The state of Louisiana has been banned from using hunting-license fees and export-tax revenue to market the state's alligator industry, a decision that some say will hurt the business but others contend is the end of a waste of money.
The Department of Wildlife and Fisheries has been using those mandatory fees to finance the marketing of alligator hides. But because of a lawsuit filed by a hide-processing company in Kenner, the state will be banned from doing that effective July 1.
U.S. District Judge John Parker of Baton Rouge agreed with Pelts & Skins, which sells hides to the high-end fashion industry in Europe and Asia, and ruled the use of the mandatory fees constituted forced commercial speech, which is unconstitutional.
Zachary Casey, Pelts & Skins president, said May 12 that mass marketing would turn alligator hides from a high-end item into a commodity with lower prices.
"They weren't advertising in anyone's best interest," Casey said. "We need to be able to spend our own money marketing our own brand."
The wildlife department has not decided yet whether to appeal the ruling, said Philip Bowman, an assistant agency secretary.
Louisiana law requires that resident alligator hunters pay a $25 annual license fee and that processors pay an export tax for each hide shipped out of the state. That fee was $4 until last year when it was reduced to $2.
The two fees finance personnel, law enforcement, education and the marketing of Louisiana's fur and alligator products at trade shows and fashion houses.
"We were trying to teach people that alligators are no longer endangered in Louisiana, and that we offer a quality product that's a lot better than a lot of other reptile products out there," Bowman said.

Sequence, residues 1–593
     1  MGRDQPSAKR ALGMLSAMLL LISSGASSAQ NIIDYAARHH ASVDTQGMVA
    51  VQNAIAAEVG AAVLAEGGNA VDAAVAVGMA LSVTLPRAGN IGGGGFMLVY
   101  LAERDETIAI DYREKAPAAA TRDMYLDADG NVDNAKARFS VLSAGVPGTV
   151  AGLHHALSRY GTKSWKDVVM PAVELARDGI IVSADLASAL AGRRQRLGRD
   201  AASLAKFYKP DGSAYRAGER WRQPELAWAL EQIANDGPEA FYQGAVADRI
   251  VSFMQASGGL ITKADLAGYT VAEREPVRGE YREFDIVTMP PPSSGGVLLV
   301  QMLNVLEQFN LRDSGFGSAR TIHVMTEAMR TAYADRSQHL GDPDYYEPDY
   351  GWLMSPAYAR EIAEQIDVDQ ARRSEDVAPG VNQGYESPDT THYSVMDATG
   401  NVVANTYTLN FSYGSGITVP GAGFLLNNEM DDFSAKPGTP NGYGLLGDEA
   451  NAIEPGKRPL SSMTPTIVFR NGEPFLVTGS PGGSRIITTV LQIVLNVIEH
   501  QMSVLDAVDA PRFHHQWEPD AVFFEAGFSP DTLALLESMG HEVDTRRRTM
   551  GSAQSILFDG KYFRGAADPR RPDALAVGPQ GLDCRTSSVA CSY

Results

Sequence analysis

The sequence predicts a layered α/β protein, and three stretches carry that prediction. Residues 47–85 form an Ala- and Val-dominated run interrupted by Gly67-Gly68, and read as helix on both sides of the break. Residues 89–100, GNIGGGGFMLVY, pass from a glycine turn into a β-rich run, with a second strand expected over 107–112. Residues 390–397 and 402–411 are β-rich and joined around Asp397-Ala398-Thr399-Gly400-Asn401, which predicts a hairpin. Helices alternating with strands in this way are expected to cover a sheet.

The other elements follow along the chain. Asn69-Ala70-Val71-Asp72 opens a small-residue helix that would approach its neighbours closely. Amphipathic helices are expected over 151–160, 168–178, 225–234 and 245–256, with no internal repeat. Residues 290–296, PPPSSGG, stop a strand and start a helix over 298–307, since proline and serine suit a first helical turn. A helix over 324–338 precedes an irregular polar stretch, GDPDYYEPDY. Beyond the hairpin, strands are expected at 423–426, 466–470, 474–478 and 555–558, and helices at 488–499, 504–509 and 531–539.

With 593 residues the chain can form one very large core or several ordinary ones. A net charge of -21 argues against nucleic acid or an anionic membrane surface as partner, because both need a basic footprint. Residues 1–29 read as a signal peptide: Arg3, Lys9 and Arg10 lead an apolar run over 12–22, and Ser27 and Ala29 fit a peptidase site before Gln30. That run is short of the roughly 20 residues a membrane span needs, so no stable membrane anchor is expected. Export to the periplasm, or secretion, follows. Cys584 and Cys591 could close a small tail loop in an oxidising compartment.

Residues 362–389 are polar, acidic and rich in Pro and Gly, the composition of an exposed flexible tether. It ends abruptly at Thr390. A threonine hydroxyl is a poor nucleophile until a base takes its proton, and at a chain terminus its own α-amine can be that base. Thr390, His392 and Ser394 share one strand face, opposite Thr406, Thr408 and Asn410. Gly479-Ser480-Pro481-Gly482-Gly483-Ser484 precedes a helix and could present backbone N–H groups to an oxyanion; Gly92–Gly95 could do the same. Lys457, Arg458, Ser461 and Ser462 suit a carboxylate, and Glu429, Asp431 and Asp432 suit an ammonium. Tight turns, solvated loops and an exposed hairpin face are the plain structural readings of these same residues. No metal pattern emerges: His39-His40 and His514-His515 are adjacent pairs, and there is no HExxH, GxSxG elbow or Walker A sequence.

About 25% of the state's alligator revenue comes from Pelts & Skins. Court records show the company exports more than 80,000 raw skins a year and pays annual fees of more than $32,000.
Other producers appear split on the mandated advertising.
Michael Ragusa, who has run the Circle M Alligator Farm near Hammond since 1991, says the need for generic advertising has waned.
"We've been spending money for somebody to travel all over the place to promote these things," Ragusa said. "But it's been a waste of money. This decision is good for the industry."
But any reduction in marketing could hurt the business, says Marco Dermody, an alligator skin broker from Clinton.
"The more people know about the quality of the product, the more in demand it will be," Dermody said. "I think this could really hurt us."
Larry Michaud, a spokesman for the state agriculture department, said the ruling would not affect industry trade groups and their marketing efforts for such commodities as catfish, crawfish and strawberries.
Members of those trade groups decide whether to pay voluntary fees to advertise their products. The trade groups decide how to market the products, the form of advertising to use and what advertising agency to use, Michaud said.
The agriculture department has representatives on each board that simply execute the group's various marketing strategies, Michaud said.